A familiar face who practically showed up Sunday was Sen. Mark MacDonald, D-Orange, who was zoomed in from rehab after a stroke that sidelined him from campaigning in the weeks leading up to the election.

“I understand that many of the senators who have been knocking on doors door-to-door in Orange County and campaigned for me over the last week deserve some badges of merit,” said MacDonald, who faced a tough challenge from Republican John Klar .

Senator Mark MacDonald, D-Orange, speaks remotely at a Senate Democrat caucus at the Statehouse in Montpelier on Sunday, November 13, 2022. Photo by Glenn Russell/VTDigger

Democrats won supermajorities in the Vermont House and Senate on election night, and expectations are high that the party will fulfill long-held priorities now that it has enough votes — and more — to overturn the Republican governor’s vetoes Override Phil Scott.

It takes 20 votes in the 30-seat Senate to override a veto. And in a brief speech after his nomination, Baruth noted that it takes 23 members – what he called the “magic” number – to suspend the rules. Having enough votes to suspend the rules is a powerful tool, especially in the final days of the legislature when many high-priority bills often simply fall by the wayside due to lack of time.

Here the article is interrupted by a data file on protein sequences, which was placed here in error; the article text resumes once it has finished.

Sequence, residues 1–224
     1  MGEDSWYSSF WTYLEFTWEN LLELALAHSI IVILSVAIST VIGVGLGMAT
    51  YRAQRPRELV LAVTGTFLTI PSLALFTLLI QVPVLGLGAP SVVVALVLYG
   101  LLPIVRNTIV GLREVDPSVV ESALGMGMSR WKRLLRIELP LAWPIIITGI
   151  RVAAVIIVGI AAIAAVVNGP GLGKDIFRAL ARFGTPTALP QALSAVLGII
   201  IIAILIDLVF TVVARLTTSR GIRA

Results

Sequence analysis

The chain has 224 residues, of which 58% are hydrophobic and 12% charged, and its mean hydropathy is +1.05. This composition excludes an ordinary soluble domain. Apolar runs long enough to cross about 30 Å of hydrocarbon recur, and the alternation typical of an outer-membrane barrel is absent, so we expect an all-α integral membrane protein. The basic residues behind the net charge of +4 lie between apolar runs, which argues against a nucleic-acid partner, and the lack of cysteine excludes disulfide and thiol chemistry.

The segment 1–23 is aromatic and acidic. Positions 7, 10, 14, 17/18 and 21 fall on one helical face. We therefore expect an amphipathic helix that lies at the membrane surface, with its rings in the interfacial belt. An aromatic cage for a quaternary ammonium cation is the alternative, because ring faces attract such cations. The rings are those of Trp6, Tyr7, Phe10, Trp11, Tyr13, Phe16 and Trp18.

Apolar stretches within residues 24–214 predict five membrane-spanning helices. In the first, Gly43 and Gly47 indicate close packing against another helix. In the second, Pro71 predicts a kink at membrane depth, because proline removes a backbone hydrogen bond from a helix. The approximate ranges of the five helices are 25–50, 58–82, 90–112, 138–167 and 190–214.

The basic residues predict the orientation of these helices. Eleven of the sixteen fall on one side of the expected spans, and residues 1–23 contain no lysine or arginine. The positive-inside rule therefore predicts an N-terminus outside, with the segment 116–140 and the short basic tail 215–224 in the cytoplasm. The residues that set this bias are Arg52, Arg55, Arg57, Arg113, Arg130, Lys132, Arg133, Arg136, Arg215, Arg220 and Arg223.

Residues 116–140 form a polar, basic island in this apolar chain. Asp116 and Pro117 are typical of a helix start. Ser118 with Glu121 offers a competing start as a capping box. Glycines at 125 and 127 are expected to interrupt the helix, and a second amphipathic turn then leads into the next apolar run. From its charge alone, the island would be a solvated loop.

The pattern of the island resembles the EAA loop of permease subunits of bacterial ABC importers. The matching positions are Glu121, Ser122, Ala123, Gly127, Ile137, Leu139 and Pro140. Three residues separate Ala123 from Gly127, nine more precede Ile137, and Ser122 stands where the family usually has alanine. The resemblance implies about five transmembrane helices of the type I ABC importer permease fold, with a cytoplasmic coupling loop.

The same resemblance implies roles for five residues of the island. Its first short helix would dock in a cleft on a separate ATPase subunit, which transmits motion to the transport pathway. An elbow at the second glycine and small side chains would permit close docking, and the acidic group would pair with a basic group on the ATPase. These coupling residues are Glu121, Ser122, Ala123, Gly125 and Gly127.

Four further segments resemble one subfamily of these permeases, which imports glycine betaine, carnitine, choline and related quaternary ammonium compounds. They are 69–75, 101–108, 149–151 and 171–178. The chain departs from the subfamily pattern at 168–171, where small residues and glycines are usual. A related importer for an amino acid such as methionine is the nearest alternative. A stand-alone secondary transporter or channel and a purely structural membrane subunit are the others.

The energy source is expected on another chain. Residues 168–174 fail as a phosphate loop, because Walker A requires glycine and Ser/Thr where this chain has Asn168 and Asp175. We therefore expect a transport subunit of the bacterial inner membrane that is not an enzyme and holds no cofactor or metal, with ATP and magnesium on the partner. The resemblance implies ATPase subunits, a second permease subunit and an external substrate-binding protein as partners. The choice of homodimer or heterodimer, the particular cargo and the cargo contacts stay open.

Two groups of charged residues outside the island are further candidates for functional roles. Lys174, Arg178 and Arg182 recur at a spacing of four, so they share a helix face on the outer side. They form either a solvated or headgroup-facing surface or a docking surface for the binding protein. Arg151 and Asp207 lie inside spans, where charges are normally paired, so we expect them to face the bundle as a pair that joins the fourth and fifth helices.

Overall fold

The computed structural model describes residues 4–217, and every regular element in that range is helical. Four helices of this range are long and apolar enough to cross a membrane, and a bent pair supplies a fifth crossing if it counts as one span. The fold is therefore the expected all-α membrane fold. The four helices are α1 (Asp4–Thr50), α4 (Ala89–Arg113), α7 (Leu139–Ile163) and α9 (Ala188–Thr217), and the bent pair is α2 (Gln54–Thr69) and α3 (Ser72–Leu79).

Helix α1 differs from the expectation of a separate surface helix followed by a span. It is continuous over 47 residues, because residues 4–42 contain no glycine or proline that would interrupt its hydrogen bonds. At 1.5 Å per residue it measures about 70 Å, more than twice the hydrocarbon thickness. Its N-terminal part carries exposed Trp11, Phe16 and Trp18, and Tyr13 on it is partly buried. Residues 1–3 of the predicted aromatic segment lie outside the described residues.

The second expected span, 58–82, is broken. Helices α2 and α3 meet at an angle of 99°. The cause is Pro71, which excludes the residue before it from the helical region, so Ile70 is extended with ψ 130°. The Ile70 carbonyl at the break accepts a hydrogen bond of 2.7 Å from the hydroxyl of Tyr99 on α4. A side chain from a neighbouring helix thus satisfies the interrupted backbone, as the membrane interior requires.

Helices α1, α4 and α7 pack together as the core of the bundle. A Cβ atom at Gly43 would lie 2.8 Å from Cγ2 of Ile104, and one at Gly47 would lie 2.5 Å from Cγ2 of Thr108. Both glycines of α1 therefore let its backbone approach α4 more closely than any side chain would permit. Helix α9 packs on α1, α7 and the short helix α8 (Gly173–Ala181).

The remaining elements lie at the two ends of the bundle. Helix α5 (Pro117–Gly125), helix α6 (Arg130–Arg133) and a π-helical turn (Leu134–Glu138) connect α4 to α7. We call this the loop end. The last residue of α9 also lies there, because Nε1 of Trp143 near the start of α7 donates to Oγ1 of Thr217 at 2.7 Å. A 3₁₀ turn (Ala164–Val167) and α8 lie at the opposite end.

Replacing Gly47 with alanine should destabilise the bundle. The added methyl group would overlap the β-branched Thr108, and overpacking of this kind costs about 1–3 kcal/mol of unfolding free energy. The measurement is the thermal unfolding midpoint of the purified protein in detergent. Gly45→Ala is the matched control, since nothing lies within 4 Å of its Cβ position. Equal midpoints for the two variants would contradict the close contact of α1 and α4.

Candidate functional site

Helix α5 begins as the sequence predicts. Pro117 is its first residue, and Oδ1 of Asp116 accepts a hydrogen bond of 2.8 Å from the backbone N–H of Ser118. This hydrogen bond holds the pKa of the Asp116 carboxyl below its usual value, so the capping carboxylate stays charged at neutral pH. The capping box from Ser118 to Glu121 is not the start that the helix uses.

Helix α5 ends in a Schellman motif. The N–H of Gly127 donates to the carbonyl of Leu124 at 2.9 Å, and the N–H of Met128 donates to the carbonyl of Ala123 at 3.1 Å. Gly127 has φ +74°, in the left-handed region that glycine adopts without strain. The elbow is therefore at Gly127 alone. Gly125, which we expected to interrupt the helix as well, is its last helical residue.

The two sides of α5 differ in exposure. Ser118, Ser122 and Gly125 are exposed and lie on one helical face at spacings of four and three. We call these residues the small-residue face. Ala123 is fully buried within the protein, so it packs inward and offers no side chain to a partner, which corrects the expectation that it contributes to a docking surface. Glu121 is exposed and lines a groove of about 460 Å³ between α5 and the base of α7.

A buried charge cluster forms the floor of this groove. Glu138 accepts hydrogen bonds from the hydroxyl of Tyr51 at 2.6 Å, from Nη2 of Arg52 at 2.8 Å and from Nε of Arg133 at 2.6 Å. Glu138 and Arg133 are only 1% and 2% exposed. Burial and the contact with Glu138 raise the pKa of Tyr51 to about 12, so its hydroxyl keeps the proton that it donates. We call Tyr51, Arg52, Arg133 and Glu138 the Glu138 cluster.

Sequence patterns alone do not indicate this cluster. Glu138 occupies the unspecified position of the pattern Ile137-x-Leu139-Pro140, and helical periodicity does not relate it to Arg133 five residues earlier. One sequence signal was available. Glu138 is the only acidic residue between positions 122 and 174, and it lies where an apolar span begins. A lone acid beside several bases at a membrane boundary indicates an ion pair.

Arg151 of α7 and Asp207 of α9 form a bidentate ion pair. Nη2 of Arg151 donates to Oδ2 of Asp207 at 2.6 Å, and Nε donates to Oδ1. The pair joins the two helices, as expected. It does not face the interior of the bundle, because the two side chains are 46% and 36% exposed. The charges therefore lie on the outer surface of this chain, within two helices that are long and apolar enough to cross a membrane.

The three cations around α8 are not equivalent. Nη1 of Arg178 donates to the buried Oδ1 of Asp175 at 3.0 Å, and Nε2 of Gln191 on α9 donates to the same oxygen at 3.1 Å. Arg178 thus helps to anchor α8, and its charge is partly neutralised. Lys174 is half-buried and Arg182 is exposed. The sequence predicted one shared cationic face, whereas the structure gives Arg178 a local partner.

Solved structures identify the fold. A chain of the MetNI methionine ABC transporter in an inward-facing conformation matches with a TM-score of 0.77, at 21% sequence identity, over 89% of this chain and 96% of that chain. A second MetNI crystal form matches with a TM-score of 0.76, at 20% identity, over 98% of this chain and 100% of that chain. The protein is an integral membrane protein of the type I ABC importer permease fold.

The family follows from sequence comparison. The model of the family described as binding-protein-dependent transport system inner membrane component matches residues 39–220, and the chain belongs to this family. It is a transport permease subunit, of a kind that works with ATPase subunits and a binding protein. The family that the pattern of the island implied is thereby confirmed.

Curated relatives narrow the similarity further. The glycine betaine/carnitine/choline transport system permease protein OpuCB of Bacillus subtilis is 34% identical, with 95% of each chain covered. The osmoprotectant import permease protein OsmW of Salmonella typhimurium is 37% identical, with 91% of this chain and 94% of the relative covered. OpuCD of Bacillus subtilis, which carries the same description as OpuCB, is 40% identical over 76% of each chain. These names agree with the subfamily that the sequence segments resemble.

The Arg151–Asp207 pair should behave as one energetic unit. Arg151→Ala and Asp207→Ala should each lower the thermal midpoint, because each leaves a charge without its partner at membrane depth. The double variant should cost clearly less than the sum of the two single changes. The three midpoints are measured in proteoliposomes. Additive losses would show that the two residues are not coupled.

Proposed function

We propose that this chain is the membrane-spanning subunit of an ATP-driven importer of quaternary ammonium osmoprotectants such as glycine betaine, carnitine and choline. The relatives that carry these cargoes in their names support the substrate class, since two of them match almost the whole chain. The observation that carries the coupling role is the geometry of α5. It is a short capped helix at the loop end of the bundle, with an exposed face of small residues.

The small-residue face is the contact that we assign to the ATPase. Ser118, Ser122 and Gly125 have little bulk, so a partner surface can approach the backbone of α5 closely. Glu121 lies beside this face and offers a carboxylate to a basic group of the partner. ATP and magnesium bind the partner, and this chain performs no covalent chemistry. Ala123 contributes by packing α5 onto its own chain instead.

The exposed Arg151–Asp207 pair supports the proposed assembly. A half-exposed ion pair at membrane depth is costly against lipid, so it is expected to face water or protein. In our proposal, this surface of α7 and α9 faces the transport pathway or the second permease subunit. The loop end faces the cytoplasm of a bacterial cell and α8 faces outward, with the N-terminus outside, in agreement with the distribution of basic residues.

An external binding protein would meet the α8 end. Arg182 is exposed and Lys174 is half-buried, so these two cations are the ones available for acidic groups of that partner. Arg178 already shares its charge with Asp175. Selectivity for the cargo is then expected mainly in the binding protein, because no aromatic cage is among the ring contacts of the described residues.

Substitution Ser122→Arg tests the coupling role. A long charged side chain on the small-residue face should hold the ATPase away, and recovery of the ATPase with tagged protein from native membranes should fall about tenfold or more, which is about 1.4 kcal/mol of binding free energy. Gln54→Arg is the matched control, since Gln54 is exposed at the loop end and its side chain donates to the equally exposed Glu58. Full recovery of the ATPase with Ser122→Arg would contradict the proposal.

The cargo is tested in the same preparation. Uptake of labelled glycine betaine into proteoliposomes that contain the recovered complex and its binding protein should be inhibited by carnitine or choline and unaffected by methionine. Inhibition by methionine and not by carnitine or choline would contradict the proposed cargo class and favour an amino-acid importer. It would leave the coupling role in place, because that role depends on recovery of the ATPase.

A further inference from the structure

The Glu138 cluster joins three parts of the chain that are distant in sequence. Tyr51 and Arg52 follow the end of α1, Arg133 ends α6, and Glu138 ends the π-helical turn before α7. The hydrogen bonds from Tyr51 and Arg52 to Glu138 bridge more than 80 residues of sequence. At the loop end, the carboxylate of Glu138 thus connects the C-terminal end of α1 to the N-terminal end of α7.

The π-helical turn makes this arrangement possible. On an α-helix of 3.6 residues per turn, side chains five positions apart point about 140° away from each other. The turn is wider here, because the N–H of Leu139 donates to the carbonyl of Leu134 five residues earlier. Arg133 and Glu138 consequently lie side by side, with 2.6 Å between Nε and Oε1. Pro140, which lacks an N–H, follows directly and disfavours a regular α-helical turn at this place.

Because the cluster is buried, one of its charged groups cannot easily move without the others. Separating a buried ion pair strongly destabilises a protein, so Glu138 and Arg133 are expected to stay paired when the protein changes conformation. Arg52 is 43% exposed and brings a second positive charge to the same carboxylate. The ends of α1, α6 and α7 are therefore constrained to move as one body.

“That’s the difference last week between getting your entire agenda and getting half your agenda,” Baruth said. “People who are here know that sometimes we lose a lot of bills in the last three days. My intention is not to lose any more notes in the final.”

But even as Baruth celebrated the power of his caucus, he tried to manage the expectations. Democrats and progressives in the Senate are not a monolith – and sometimes come from very different districts. He signaled that he was particularly sensitive to concerns that an “arrogant” majority would not perceive the “average Vermonters’ lives, their wallets, their wallets, their bills.”

Senator Alison Clarkson, D-Windsor, speaks during a Senate Democrat gathering at the Statehouse in Montpelier on Sunday, November 13, 2022. Photo by Glenn Russell/VTDigger

“I just want to be clear that Democrats and progressives in the House and Senate, when we make legislation, we do it on data, we can do it on testimony, and we do it with hard skull sweat in politics – but always agonizes about the costs. Always,” he said.

The senators-elect also walked around the table for nearly an hour to outline their top three priorities for the upcoming two-year term. White succinctly summed up what was at the top of the list for nearly all of her colleagues. “My three are: climate change, affordable housing and child care,” she said.

The Democratic faction of the House of Representatives is scheduled to meet on December 3 to elect its leaders. House Speaker Jill Krowinski, D-Burlington, has previously said she will ask her peers to re-nominate her for her current position and no challengers are expected.